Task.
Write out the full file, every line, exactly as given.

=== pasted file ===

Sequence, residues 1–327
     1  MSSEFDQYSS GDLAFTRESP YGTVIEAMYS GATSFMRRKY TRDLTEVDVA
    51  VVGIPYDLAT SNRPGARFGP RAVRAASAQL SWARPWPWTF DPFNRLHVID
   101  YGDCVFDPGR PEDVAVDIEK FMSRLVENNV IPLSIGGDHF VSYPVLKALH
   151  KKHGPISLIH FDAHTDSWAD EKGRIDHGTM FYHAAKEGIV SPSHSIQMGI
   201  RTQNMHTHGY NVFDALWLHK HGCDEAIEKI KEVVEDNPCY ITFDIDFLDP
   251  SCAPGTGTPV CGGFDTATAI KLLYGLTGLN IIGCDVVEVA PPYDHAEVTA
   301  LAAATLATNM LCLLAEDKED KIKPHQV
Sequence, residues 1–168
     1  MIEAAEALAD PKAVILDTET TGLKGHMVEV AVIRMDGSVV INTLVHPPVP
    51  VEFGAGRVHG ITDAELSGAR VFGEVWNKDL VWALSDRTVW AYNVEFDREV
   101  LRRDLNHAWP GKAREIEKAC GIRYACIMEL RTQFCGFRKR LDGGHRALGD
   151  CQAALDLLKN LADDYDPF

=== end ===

Sequence, residues 1–327
     1  MSSEFDQYSS GDLAFTRESP YGTVIEAMYS GATSFMRRKY TRDLTEVDVA
    51  VVGIPYDLAT SNRPGARFGP RAVRAASAQL SWARPWPWTF DPFNRLHVID
   101  YGDCVFDPGR PEDVAVDIEK FMSRLVENNV IPLSIGGDHF VSYPVLKALH
   151  KKHGPISLIH FDAHTDSWAD EKGRIDHGTM FYHAAKEGIV SPSHSIQMGI
   201  RTQNMHTHGY NVFDALWLHK HGCDEAIEKI KEVVEDNPCY ITFDIDFLDP
   251  SCAPGTGTPV CGGFDTATAI KLLYGLTGLN IIGCDVVEVA PPYDHAEVTA
   301  LAAATLATNM LCLLAEDKED KIKPHQV
Sequence, residues 1–168
     1  MIEAAEALAD PKAVILDTET TGLKGHMVEV AVIRMDGSVV INTLVHPPVP
    51  VEFGAGRVHG ITDAELSGAR VFGEVWNKDL VWALSDRTVW AYNVEFDREV
   101  LRRDLNHAWP GKAREIEKAC GIRYACIMEL RTQFCGFRKR LDGGHRALGD
   151  CQAALDLLKN LADDYDPF